I have pontificated before, and at some length, about the fact that Microsoft has returned to its former position of actively wanting to engage with the 3rd party driver development community. This attitude is as commendable as it is welcomed.
What’s most encouraging is that MSFT folks appear to be listening to the various feedback channels, and taking action on the feedback they receive. Take for example the issue with a recent Windows 7 update: the symbols for the update were published to the MSFT symbol server fully stripped and without the symbols for the data types added back in to them. This made debugging with those symbols (cough cough) “very difficult.” A community member sent email to the debugger feedback alias (did you even know there was a debugger feedback alias? I didn’t), and apparently heard back that the problem was being investigated. So, when I heard about this problem, I made a nuisance of myself and asked a buddy of mine who happens to work in a relevant team at Microsoft if he knew what was up. I expected to have to explain the problem to him in detail, and ask for a favor to get the problem fixed. But much to my surprise, I discovered the relevant folks at MSFT already knew about the problem and were already working on a fix (that entailed a ton of manual work, unfortunately). And, guess what? A couple of weeks later, the fix was implemented and the updated symbols were on the symbol server. Yay!
Yes, that’s just one small example, about a single item. But there are examples that tour concerns are being heard on much larger issues as well. For example, in talking with the WDK program managers I’ve learned that there’s an ongoing demand for better and smoother integration for all facets of development with the WDK within Visual Studio. This includes better integration of the debugger and test system setup. I’ve also heard that community feedback regarding the difficulty in using some of these features lead the WDK team to make significant changes in the Windows 10 WDK in how test system setup is implemented. Now, you can’t prove any of that by me, personally… because I still can’t get test system setup or driver deployment to work from within VS. Not that I want to, to be honest. But now, apparently, some people actually can get this to work. And they can even get it to work with some of the IoT-based platforms, which is pretty cool and even potentially useful.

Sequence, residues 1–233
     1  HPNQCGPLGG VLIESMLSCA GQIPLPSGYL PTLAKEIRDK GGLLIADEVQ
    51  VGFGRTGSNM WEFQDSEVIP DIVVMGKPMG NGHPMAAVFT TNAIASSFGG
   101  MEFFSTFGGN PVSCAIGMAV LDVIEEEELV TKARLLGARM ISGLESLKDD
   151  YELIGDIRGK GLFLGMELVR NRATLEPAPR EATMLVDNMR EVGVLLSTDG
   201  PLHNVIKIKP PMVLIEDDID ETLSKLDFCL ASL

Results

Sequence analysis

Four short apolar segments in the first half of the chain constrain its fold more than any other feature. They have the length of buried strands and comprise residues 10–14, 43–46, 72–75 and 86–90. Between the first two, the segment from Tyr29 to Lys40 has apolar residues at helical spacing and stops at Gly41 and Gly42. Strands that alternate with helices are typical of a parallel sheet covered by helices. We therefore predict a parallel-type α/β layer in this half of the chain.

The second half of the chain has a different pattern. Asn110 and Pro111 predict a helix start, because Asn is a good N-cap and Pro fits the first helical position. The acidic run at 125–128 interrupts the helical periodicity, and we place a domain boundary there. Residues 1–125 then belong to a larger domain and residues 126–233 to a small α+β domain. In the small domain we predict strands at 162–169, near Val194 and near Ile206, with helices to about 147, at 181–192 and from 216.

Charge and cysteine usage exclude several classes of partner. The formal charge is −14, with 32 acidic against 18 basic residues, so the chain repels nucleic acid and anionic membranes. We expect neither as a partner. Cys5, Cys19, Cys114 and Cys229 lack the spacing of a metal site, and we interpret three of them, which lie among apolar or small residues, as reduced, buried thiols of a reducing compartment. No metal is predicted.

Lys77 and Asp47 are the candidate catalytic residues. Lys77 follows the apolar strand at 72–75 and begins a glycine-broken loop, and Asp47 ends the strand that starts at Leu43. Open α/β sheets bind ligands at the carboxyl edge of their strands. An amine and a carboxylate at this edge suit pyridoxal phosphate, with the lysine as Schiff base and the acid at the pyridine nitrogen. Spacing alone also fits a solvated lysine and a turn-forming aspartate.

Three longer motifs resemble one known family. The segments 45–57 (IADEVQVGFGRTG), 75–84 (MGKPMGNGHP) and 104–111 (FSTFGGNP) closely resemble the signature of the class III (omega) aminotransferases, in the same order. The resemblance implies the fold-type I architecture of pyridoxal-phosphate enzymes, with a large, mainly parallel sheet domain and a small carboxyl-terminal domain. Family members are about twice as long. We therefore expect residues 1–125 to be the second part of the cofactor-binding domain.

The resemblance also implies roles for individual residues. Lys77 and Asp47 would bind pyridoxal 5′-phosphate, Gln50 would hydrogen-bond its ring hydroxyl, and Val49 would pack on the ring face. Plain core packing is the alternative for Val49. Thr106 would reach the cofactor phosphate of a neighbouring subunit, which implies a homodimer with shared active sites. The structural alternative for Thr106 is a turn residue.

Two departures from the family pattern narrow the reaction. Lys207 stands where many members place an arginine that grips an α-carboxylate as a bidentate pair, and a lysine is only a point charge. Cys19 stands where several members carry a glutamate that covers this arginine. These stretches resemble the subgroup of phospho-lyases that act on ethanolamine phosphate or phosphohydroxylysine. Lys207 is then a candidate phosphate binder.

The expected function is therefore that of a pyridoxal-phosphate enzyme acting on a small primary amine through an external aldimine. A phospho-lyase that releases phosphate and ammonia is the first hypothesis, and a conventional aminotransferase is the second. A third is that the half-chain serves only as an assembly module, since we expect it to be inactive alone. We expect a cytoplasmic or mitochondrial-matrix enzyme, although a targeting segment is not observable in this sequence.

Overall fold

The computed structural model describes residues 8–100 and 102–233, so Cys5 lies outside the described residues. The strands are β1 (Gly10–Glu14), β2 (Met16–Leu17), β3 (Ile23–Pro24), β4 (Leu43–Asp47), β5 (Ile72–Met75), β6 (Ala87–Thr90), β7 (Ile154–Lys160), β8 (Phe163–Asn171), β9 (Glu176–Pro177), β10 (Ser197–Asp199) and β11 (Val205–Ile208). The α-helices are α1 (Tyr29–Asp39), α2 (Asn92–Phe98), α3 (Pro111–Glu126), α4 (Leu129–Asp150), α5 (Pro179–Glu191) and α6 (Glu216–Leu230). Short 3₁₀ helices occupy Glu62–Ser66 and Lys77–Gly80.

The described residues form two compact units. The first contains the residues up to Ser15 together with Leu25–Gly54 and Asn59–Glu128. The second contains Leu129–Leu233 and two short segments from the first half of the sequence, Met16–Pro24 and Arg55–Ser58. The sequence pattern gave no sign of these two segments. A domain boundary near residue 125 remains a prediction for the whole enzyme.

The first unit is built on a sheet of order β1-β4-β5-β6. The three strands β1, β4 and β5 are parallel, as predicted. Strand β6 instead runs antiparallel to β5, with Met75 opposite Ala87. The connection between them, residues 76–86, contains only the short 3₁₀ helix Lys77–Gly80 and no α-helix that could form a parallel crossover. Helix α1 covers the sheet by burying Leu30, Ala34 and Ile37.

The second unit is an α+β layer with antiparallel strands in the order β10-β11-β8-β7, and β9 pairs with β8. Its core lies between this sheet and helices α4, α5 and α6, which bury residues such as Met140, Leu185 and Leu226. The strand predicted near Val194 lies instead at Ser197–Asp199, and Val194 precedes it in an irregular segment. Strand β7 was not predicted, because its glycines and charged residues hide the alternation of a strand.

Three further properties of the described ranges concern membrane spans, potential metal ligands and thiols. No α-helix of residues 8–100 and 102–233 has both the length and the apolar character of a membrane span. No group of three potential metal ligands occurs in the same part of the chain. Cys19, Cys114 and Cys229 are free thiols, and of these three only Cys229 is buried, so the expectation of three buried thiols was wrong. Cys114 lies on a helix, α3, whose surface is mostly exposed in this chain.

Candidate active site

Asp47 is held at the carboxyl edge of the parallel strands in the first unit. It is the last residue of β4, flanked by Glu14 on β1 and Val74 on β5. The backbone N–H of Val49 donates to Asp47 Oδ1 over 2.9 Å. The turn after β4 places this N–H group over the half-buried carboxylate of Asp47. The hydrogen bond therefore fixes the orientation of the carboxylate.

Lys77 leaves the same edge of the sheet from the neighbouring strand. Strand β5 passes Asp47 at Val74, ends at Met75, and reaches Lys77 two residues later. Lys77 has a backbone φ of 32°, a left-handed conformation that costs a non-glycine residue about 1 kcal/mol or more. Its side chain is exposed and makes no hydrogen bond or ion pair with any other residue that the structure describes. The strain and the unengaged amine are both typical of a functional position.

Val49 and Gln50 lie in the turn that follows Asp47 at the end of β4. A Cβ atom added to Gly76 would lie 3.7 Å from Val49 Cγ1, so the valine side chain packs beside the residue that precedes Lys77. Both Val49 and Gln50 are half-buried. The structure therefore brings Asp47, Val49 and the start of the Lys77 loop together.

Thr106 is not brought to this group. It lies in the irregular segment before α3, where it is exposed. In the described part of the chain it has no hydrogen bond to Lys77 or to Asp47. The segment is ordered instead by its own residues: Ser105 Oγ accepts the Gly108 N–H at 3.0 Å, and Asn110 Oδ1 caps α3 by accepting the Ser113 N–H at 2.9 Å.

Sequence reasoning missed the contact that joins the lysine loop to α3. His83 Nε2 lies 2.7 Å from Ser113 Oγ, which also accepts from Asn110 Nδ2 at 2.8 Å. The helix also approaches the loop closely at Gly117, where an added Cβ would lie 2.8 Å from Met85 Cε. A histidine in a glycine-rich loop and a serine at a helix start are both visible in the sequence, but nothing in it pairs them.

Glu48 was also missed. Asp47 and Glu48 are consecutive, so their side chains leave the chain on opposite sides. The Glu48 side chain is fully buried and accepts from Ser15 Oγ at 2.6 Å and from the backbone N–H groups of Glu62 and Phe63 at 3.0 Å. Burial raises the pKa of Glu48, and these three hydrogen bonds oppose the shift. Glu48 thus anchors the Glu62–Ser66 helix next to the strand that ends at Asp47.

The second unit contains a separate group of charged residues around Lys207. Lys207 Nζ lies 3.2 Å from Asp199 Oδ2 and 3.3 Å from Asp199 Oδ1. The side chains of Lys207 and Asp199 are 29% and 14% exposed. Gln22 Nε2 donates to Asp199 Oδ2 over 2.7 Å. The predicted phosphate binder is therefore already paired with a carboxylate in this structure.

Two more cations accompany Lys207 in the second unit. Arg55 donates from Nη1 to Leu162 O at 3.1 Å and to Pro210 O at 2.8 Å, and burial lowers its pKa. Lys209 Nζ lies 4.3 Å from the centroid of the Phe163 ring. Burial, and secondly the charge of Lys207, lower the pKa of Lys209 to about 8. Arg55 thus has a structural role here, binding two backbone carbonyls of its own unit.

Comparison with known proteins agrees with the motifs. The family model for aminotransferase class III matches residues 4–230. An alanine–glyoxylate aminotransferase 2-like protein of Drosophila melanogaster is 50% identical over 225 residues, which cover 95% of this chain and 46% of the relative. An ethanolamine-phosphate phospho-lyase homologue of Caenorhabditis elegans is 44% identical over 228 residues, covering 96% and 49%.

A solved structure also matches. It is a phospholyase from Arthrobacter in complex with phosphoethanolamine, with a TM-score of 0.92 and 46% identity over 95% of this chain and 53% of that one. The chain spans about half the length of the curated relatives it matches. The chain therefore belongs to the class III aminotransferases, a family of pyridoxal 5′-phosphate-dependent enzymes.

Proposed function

But before you start singing Kumbaya and propose a big group hug, there’s much that needs improved. For example, how does the community know – as a whole – that our feedback is valued, is being heard, and is being considered for action (or even has been considered and rejected)? A quick look at my examples above demonstrates one of the current mechanisms. The only way the community knew that the fix for the stripped Windows 7 symbols was on the way was because I heard about the problem, asked a buddy of mine about it, and when he gave me the scoop I posted something to our WinDbg forum. And I happen to know about the whole issue of VS integration and deploy, because – well, to be honest – I’ve been complaining about this feature for years and I happen to know some of the right folks to complain to. And I’ve told you about it here.